[Scottish] Re: how would an IT turkey vote for Christmas?

Will Partain partain at dcs.gla.ac.uk
Mon Jul 25 11:48:00 BST 2005

Gavin Henry wrote, quoting me:

> > What if you're a company and you want to *buy* the above?  You don't
> > want a server, you don't want an IT guy, you just want a Web panel
> > where you can tick "give us an issue tracker", and that's that.
> > Employees plug in their laptop, aim a web browser and/or VPN-thingy,
> > and it just works.
> That's a hard problem too solve. When hosting companies do this kind of thing, 
> i.e. they provide hosted services, they tend to pick certain things. For 
> example you don't see many mod_perl or postgresql hostings, just because they 
> aren't that popular.
> This is where I think the problem is, demand. It's a lot to invest in setting 
> up and configuring all the services you mentioned, and a gamble if you don't 
> know/have idea if they will all be used.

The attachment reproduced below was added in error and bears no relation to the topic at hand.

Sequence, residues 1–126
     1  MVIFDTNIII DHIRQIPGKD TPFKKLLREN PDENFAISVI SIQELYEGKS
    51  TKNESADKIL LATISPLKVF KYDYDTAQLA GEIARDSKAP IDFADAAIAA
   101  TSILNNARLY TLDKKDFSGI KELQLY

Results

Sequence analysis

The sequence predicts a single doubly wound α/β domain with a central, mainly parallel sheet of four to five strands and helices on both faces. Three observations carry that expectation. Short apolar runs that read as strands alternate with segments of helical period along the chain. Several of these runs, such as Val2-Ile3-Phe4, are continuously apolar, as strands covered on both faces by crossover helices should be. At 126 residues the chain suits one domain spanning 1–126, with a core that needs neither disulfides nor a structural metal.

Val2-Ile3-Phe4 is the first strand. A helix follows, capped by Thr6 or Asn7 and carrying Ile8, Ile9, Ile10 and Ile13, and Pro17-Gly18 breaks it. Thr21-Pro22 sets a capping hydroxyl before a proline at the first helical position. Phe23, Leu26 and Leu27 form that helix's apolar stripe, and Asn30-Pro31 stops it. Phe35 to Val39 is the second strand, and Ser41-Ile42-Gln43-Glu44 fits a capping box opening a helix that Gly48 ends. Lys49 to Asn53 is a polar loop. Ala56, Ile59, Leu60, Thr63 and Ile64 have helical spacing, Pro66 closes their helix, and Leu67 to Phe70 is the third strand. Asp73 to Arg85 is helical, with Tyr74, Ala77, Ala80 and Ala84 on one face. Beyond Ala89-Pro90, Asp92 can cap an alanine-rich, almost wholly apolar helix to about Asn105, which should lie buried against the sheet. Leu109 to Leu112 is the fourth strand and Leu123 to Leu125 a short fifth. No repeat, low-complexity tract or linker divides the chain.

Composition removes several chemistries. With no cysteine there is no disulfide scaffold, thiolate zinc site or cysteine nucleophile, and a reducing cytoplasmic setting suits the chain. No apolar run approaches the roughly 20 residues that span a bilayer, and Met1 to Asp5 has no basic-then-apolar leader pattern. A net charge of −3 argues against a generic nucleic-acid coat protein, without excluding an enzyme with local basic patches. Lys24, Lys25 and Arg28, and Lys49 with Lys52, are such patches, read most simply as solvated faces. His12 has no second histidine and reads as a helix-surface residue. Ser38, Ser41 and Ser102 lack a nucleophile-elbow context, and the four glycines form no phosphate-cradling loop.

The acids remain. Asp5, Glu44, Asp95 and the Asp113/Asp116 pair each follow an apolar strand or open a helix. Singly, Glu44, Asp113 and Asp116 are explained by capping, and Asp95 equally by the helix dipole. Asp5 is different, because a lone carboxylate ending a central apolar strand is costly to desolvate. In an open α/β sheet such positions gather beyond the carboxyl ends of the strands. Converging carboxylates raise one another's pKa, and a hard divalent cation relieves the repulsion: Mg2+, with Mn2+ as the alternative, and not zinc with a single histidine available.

Hi; I suspect you're right, but it still doesn't quite compute for me.
I mean, these things aren't _that_ hard to set up, and keeping diff
customers out of each other's bits is getting easier (with virtualized
servers and the like).  A bit of web hacking to make a "user
interface" and you're away, no?

The point is, if a hosting company gives me three of the seven things
I need, I still have to go hire one of those cranky IT types for the
other four (and then might as well let him/her do all seven).  Maybe
my idea that "these eleven things will satisfy 93% of all SMEs" is
nonsense :-)

My perception is that JotSpot (http://www.jot.com/) is trying to play
in _exactly_ this space.  It's a wiki with pre-packaged "applications"
hung onto it; that plus a nice e-mail setup (those are available)
might get you quite a long way.  We'll see.

All further thoughts welcome!


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